you have to put what you find into context im surprised you havent found this by now
Another reason King Henry invaded Ireland was because Pope Adrian IV, the only Englishman to have occupied the papal throne, had issued a papal bull Laudabiliter (1155) authorising the English monarch to take possession of Ireland. Religious practices in Ireland and organisation had evolved divergently from those of areas of Europe influenced more directly by the Holy See, although many of these differences had been eliminated or greatly lessened by the time the bull was issued in 1155. Further, the former Irish church had never sent its dues ("tithes") to Rome. Henry's primary motivation for invading Ireland 1171 was to control Strongbow and other Norman lords. In the process he accepted the fealty of the Gaelic kings at Dublin in November 1171, and he summoned the Synod of Cashel in 1172, which brought the Irish Church into conformity with English and European norms.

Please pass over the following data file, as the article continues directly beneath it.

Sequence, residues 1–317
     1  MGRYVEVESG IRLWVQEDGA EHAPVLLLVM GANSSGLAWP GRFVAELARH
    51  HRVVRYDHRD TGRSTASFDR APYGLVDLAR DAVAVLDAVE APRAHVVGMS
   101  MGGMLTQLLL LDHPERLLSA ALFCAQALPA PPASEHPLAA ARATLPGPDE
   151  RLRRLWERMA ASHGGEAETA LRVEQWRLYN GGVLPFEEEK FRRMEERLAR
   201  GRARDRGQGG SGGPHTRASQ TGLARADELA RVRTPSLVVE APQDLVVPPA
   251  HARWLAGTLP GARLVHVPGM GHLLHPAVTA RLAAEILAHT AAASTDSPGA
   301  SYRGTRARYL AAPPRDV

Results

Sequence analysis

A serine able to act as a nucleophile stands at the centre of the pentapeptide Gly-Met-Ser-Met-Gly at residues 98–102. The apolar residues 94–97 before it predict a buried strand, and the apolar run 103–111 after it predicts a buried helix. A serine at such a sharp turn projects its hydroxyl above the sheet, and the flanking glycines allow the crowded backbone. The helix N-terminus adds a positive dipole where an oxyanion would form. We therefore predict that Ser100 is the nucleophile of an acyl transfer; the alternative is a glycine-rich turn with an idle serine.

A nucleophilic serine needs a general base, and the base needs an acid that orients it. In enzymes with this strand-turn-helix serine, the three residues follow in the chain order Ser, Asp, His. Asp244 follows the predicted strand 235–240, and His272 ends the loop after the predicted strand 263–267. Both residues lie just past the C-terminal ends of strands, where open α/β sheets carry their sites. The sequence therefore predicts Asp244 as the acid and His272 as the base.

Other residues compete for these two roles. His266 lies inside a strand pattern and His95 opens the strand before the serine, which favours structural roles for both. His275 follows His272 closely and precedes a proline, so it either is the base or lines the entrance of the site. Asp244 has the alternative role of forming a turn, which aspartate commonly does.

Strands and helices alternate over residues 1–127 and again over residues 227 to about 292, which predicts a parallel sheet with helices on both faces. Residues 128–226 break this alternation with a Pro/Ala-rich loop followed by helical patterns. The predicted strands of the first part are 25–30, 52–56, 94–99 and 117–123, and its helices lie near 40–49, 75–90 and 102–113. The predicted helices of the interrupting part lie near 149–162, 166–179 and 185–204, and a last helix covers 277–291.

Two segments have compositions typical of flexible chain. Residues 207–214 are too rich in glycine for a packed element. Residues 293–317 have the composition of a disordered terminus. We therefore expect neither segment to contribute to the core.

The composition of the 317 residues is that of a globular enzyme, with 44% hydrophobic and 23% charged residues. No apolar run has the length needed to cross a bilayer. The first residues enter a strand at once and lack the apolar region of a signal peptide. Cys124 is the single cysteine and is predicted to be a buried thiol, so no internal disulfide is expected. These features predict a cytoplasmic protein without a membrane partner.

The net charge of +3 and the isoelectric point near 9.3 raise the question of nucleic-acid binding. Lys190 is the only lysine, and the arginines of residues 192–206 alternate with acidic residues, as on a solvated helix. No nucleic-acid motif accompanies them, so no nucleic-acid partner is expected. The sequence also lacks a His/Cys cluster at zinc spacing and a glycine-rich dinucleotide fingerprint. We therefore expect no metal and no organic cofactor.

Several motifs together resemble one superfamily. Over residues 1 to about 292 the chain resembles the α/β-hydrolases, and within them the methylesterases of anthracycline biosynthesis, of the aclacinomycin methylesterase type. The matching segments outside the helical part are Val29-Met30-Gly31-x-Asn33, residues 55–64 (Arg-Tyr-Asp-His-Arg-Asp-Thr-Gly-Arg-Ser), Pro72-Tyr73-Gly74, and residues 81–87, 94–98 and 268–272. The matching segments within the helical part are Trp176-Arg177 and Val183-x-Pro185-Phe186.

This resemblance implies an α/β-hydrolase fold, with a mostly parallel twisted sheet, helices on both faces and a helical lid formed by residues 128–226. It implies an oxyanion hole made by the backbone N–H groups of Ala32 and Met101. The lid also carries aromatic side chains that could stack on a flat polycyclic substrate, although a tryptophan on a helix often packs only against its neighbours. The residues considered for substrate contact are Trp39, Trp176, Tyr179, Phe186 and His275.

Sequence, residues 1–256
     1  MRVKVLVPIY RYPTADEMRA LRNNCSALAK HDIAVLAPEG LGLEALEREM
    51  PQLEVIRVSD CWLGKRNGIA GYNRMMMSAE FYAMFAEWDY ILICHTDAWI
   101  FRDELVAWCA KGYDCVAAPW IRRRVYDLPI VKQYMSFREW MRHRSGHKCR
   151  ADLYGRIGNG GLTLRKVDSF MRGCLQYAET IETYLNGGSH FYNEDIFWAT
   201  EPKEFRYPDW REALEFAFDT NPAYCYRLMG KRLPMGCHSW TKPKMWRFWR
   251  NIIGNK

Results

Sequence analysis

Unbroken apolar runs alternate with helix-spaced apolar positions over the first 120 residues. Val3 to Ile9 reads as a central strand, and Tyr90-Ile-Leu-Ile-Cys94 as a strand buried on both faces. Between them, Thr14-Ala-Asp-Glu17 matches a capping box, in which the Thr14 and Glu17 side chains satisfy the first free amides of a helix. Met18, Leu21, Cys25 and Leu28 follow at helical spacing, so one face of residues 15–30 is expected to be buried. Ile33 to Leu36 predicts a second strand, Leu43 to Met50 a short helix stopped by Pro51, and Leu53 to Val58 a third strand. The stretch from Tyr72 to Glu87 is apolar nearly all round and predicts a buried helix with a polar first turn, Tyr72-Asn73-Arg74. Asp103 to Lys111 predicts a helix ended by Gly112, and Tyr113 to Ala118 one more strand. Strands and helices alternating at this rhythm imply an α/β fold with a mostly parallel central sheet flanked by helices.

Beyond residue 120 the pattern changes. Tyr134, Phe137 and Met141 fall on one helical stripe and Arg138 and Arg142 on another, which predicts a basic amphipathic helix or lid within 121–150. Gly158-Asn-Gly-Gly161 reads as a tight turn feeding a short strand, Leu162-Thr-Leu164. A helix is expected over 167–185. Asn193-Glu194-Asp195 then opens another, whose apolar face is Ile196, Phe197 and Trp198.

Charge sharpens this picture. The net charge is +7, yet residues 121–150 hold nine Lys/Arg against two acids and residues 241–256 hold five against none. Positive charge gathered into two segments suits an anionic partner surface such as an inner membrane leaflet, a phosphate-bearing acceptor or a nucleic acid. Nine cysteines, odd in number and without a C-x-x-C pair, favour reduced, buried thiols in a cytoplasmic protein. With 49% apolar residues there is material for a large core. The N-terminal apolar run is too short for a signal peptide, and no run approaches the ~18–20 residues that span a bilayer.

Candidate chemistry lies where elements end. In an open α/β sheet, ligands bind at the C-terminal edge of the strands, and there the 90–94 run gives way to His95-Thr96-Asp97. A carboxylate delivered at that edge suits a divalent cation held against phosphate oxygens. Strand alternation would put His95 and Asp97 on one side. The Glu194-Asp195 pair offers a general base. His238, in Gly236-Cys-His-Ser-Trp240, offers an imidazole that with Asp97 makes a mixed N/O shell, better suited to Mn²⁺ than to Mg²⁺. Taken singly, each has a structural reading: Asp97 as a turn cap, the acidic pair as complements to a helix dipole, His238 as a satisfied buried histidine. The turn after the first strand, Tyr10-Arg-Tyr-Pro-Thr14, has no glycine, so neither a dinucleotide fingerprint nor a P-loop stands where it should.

The pope asserted the right to grant sovereignty over islands to different monarchs on the basis of a document, later proved to be a forgery, called the Donation of Constantine. Doubts were cast by eminent scholars on Laudabiliter itself in the 19th century, but its effect was confirmed by letters of Pope Alexander III and by the facts on the ground. The Papal power to grant also fell within the remit of Dictatus papae (1075–87). While Laudabiliter had referred to the "kingdom" of Ireland, the Papacy was ambiguous about describing it as a kingdom as early as 1185.